The second guessing was rampant, even before game 2 of the Division Series between the Oakland Athletics and the Detroit Tigers even took place. Before the Tigers stole game 1, and threatened to head back to Detroit with a 2-0 lead in the series. Bob Melvin had to be out of his mind to take a rookie starter, who had made all of 10 starts in the Show, and put him up against Justin Verlander. Sonny was David, and Verlander the ultimate Goliath.
Oct 5, 2013; Oakland, CA, USA; Oakland Athletics starting pitcher Sonny Gray (54) pitches the ball against the Detroit Tigers during the sixth inning in game two of the American League divisional series playoff baseball game at O.co Coliseum. Mandatory Credit: Kelley L Cox-USA TODAY Sports
A number of moments throughout the course of this instant classic showed just how tough Sonny Gray really is. The first instance came in the third innings when Gray uncorked a pitch up and in on right fielder Torii Hunter. Having been hit already in game 1, Hunter didn’t take too kindly to the brush-back pitch, especially coming from a 23 year old rookie. Hunter gestured towards Gray and the game became a bit more tense. Gray responded in emphatic form though, striking out Hunter with what Fangraphs’ Eno Sarris says was his fastest pitch of 2013. For good measure, he blew away Miguel Cabrera for the third out of the inning.
The top of the fifth inning was a huge turning point. After a leadoff walk to Omar Infante, and a 1 out infield single by Jose Iglesias, Gray was in some serious trouble. With runners at the corners, it appeared inevitable that the Tigers were going to break through and give Verlander perhaps the only run he would need. Austin Jackson came to the plate simply needing to put the ball in play to bring in the run in all likelihood, but he failed. Jackson flailed at a 94 MPH fastball from Gray, and catcher Stephen Vogt threw out Iglesias trying to advance to second on a presumed hit and run play. Just like that the threat was over, and Gray had all the confidence he would need to lead the A’s from that point on.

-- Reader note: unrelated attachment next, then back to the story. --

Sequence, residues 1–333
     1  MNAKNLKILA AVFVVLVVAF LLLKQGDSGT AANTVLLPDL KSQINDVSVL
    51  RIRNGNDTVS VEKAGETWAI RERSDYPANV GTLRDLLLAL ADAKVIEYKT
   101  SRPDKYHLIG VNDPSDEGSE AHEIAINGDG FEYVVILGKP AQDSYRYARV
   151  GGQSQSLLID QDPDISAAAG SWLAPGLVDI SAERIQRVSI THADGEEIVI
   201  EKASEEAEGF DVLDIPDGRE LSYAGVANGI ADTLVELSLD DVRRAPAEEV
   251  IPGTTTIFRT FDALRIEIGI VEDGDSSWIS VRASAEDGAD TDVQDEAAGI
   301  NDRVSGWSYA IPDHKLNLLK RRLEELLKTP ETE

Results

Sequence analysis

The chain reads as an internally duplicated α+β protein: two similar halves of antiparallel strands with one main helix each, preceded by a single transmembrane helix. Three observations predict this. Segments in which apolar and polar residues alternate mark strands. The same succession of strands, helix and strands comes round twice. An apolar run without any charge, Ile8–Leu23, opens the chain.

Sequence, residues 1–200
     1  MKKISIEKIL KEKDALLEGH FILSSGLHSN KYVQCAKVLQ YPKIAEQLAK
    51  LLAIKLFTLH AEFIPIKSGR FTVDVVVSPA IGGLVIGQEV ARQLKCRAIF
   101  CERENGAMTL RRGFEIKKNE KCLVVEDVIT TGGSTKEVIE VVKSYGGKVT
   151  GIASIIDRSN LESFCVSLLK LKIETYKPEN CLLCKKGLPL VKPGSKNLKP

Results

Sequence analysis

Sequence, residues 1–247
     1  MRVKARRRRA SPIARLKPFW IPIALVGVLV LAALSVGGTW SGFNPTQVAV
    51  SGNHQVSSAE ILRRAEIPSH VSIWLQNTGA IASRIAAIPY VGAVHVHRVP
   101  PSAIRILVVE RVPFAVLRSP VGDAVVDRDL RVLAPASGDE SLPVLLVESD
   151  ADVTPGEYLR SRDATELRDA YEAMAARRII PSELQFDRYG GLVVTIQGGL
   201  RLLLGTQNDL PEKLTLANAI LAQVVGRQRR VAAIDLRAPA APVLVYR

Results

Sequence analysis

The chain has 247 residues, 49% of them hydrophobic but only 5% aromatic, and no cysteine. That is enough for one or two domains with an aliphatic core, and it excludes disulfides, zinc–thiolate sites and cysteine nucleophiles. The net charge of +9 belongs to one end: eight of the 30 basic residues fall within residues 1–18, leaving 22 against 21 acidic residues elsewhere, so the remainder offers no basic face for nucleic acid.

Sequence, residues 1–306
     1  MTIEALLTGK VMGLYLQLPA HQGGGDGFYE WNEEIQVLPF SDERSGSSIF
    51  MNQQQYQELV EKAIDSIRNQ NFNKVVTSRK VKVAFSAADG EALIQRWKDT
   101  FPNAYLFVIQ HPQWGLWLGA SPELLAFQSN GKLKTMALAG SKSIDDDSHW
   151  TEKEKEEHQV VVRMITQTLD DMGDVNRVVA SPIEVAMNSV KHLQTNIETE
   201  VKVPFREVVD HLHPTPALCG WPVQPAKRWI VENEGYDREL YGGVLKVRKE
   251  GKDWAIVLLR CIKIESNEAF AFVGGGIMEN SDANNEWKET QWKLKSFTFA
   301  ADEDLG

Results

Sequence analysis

What made Gray’s start amazing wasn’t just his final line, which was rather beautiful, but the calm demeanor that enabled him to treat this game just like any other start. That isn’t to say he didn’t grasp the significance of the situation, but he’s a professional in every sense of the word and he knew that if he just pitched his game he would be successful. Gray acknowledged the crowd prior to the game as they cheered his emergence from the dugout to start his warmups, he winked at the camera as he walked off the mound, he was having fun. A pitcher who not only isn’t bothered by the big stage, but embraces it is a rare and valuable commodity. Gray is indeed a special player.
Gray’s development as a pitcher mirrors the mustache that has appeared on his upper lip. It’s fitting that someone as babyfaced as Gray would sport a little facial hair like that, at a time like this. Last night we all witnessed Gray undergo his MLB puberty, minus the acne. The adoring crowd at the O.co Coliseum, chanting “SONNY! SONNY! SONNY!” as he walked off the mound after his eighth scoreless inning, were like the proud father welcoming his son into manhood. He came into the game a boy, and he left the game a man.